Published online by Cambridge University Press: 13 July 2017
In this chapter we focus on systematization, analysis, and discussion of recent trends in machine learning methods for Social signal processing (SSP) (Pentland, 2007). Because social signaling is often of central importance to subconscious decision making that affects everyday tasks (e.g., decisions about risks and rewards, resource utilization, or interpersonal relationships), the need for automated understanding of social signals by computers is a task of paramount importance. Machine learning has played a prominent role in the advancement of SSP over the past decade. This is, in part, due to the exponential increase of data availability that served as a catalyst for the adoption of a new data-driven direction in affective computing. With the difficulty of exact modeling of latent and complex physical processes that underpin social signals, the data has long emerged as the means to circumvent or supplement expert- or physics-based models, such as the deformable musculoskeletal models of the human body, face, or hands and its movement, neuro-dynamical models of cognitive perception, or the models of the human vocal production. This trend parallels the role and success of machine learning in related areas, such as computer vision (c.f., Poppe, 2010; Wright et al., 2010; Grauman & Leibe, 2011) or audio, speech and language processing (c.f., Deng & Li, 2013), that serve as the core tools for analytic SSP tasks. Rather than emphasize the exhaustive coverage of the many approaches to data-driven SSP, which can be found in excellent surveys (Vinciarelli, Pantic, & Bourlard, 2009; Vinciarelli et al., 2012), we seek to present the methods in the context of current modeling challenges. In particular, we identify and discuss two major modeling directions:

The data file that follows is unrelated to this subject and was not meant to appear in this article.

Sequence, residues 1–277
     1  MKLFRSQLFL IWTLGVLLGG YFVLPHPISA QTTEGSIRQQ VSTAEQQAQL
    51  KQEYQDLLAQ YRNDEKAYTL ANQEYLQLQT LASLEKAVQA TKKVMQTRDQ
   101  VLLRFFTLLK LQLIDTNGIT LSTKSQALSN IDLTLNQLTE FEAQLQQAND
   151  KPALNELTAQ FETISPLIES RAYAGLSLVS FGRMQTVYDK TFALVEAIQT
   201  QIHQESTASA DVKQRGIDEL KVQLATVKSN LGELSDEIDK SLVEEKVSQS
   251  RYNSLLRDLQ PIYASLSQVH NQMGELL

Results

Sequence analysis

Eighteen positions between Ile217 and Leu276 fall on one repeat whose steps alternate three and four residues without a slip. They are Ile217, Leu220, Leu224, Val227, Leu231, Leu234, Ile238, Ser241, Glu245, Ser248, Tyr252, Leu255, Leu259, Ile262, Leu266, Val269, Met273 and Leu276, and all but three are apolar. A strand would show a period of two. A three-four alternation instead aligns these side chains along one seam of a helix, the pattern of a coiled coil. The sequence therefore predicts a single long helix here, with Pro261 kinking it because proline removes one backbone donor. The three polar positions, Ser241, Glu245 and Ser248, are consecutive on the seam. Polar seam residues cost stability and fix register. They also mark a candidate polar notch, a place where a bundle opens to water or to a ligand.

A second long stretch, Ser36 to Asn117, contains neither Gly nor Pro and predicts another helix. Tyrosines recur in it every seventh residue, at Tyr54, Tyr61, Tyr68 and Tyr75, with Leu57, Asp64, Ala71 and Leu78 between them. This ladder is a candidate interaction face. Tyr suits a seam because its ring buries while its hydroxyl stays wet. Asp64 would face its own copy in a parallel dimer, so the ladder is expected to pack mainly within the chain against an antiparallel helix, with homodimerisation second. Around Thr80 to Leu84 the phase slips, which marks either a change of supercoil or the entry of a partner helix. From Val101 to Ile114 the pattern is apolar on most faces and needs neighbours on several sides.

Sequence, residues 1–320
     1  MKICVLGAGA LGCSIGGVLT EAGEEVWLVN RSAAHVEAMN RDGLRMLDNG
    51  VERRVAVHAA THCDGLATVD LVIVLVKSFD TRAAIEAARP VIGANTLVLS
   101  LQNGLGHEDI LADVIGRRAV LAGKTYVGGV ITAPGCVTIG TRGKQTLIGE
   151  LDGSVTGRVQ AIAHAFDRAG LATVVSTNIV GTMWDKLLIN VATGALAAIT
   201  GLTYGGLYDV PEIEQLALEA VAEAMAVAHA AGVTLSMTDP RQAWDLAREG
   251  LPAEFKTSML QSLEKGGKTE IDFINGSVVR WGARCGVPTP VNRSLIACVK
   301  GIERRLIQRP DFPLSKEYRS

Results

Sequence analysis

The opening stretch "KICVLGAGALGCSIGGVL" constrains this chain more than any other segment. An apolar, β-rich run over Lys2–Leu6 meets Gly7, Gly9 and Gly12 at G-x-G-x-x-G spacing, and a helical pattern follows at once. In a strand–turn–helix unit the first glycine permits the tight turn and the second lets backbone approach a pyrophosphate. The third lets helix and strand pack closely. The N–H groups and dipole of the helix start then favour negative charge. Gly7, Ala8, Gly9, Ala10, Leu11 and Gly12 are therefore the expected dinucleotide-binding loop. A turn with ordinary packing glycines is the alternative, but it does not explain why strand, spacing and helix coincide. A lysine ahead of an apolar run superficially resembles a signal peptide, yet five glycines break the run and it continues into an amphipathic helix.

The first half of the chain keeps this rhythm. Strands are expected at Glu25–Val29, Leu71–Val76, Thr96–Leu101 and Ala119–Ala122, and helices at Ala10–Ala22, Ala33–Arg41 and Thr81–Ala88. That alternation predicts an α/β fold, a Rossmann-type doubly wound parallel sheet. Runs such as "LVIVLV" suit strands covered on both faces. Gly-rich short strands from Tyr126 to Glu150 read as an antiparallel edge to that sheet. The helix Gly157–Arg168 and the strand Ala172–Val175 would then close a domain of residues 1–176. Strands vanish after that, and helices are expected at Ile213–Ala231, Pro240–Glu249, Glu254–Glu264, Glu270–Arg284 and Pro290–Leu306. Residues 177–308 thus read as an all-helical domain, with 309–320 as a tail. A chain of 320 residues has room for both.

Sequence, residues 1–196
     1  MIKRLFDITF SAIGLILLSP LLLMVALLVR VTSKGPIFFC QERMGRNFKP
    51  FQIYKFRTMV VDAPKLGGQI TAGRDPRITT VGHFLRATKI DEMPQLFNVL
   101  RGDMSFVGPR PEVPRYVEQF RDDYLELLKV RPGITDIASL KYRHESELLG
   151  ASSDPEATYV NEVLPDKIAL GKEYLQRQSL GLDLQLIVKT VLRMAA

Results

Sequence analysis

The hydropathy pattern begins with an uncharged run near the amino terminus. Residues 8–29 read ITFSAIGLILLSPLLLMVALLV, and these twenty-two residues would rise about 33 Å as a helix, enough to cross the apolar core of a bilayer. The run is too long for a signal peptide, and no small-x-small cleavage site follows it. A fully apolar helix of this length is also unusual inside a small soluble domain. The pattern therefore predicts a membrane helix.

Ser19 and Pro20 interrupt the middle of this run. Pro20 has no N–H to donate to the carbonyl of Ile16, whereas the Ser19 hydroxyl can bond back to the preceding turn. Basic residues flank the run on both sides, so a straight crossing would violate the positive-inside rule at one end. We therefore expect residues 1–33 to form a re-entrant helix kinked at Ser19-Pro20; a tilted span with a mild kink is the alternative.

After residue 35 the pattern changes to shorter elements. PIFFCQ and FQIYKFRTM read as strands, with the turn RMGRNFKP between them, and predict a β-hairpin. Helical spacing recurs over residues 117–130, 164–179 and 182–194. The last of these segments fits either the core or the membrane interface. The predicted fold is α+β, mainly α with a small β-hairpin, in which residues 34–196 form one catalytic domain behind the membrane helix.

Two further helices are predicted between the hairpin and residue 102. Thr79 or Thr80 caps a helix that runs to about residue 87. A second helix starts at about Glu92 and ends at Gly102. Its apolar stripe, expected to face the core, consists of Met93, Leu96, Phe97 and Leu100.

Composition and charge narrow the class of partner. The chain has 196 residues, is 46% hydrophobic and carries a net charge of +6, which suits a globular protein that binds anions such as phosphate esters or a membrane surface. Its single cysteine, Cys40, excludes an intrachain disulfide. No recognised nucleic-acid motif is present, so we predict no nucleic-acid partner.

• Simultaneous modeling of social signals and context, and
• Modeling of annotators and the data annotation process.
Context plays a crucial role in understanding the human behavioral signals that can otherwise be easily misinterpreted. For instance, a smile can be a display of politeness, contentedness, joy, irony, empathy, or a greeting, depending on the context. Yet, most SSP methods to date focus on the simpler problem of detecting a smile as a prototypical and self-contained signal.